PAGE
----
Victoria-class Submarines | The Canadian Encyclopedia


Victoria-class Submarines

The Victoria class are diesel-electric powered conventional attack submarines, referred to as SSK submarines. The Royal Canadian Navy (RCN) acquired four surplus Victoria-class submarines from the United Kingdom’s Royal Navy (RN) in the late-1990s. They were procured as a supposedly cost-effective interim measure to maintain a submarine capability for the RCN pending a permanent replacement for its three Oberon-class submarines. Following a troubled decade-long introduction process, the Victoria class eventually achieved full operational status. The Victoria-class submarines are intended to remain in service until a replacement projected for the late 2030s.

Victoria-class submarine
HMCS Chicoutimi
HMCS Windsor

Did You Know?
Navies use a classification system to identify different types of submarines. NATO terminology for submarine classification is as follows: SS=subsurface; B=ballistic; K=hunter-killer; N=nuclear-powered. Together, these abbreviations describe submarines and their capabilities. SSK, for example, refers to a conventional (diesel)-powered, hunter-killer or attack submarine. SSN refers to a nuclear-powered submarine. SSBN refers to a nuclear-powered, ballistic-missile-carrying submarine.

Type 2400 Upholder-class Submarines

The RN undertook design of the Type 2400 Upholder-class submarines in the early 1980s. (The name Type 2400 denotes a submerged displacement of 2,400 tonnes). These submarines were a conventional replacement for the RN’s Oberon-class submarines. The Upholder class supplemented the otherwise primarily nuclear-powered attack submarine (SSN) fleet. Aside from the power plant, the 2400s had similar structural, sensor and weapon systems to the SSNs. But being non-nuclear and consequently shorter ranged, the 2400s conducted antisubmarine warfare patrols in the strategic Greenland-Iceland-United Kingdom (GIUK) Gap, working in tandem with SOSUS (Sound Surveillance System) against Soviet submarines. (See Canada and SOSUS and Canada and Antisubmarine Warfare during the Cold War.)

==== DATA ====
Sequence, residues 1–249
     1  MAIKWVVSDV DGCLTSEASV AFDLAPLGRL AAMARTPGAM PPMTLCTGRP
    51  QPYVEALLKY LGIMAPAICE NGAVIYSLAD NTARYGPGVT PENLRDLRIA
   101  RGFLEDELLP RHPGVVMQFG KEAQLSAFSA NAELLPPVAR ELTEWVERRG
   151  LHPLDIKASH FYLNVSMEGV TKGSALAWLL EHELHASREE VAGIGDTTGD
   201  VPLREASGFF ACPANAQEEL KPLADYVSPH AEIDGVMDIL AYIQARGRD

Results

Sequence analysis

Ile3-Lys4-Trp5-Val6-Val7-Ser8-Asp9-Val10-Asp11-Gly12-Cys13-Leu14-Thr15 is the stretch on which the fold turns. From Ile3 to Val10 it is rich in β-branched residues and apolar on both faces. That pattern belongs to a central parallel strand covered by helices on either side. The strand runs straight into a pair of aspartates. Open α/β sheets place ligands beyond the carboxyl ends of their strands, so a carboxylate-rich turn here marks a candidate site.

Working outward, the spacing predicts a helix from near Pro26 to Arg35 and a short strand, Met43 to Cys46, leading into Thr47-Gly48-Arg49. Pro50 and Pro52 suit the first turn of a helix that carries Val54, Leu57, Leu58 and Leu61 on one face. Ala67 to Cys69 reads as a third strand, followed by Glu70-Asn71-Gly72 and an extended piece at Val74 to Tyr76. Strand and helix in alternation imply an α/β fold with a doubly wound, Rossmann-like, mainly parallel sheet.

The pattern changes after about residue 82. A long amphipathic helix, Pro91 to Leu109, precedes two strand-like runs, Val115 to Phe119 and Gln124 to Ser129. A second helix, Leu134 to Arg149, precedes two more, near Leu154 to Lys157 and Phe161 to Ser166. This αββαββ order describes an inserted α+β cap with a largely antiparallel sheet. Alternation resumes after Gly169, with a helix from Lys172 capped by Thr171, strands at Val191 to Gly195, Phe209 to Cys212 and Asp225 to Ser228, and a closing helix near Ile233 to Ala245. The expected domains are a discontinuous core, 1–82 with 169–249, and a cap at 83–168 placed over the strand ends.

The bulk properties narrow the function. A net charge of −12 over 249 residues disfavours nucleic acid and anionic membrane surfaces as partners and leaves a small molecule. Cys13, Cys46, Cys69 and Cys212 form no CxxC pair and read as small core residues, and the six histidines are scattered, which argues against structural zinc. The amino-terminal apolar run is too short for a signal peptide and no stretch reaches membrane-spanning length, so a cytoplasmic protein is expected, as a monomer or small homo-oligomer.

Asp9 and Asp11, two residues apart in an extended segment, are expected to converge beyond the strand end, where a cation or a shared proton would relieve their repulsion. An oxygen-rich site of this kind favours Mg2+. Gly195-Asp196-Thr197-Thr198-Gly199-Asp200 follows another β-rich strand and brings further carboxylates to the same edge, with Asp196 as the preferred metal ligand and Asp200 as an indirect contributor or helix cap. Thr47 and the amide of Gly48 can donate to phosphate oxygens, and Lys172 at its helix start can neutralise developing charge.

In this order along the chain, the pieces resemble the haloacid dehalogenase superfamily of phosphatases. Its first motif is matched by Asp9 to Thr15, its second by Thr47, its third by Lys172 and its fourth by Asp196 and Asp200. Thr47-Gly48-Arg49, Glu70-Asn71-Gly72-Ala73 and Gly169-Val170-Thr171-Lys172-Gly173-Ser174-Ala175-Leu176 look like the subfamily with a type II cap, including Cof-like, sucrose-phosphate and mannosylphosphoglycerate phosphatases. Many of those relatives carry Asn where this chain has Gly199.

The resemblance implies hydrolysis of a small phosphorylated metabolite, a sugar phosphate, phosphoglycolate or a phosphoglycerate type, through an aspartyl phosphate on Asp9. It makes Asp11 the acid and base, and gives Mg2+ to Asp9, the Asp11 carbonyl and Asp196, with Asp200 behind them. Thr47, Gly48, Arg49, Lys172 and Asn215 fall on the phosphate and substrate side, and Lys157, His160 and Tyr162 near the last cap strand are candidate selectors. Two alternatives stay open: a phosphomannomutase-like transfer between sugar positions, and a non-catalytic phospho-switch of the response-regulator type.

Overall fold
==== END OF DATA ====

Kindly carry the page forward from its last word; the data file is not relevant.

A class of twelve was planned, but in the end only four were built: Upholder, Unseen, Ursula and Unicorn. Construction on the lead vessel – Upholder – began in November 1983 and the submarine was commissioned in June 1990. Before the last one (Unicorn) could enter service, a post-Cold War British defence review determined the RN should shift to an all-nuclear submarine force. The submarines were declared surplus and taken out of service in 1994. Subsequent attempts to sell the four vessels to Pakistan, Portugal and Chile came into conflict with United States Navy (USN) defence technology sharing restrictions. Britain faced limited options elsewhere.

Victoria-class Acquisition and Canadianization

In Canada, meanwhile, a plan to replace its own three Oberons with an SSN force also had died with the Cold War. (See Canada and the Cold War.) As a member of the “Five Eyes” defence intelligence sharing community (Australia-Canada-New Zealand-United Kingdom-United States, or AUSCANZUKUS), the RCN qualified for technology transfers. The federal government’s 1994 White Paper on Defence announced the intention to explore the purchase of the Upholder class. This was an “interim” solution to retaining a submarine capability pending definition of a formal SSK replacement project. During the four-year long negotiation process, the RN maintained the Upholders in a non-active status. Finally in April 1998 an agreement was announced to acquire the four submarines for $750 million CAD (a significant discount on the potential cost to build a replacement).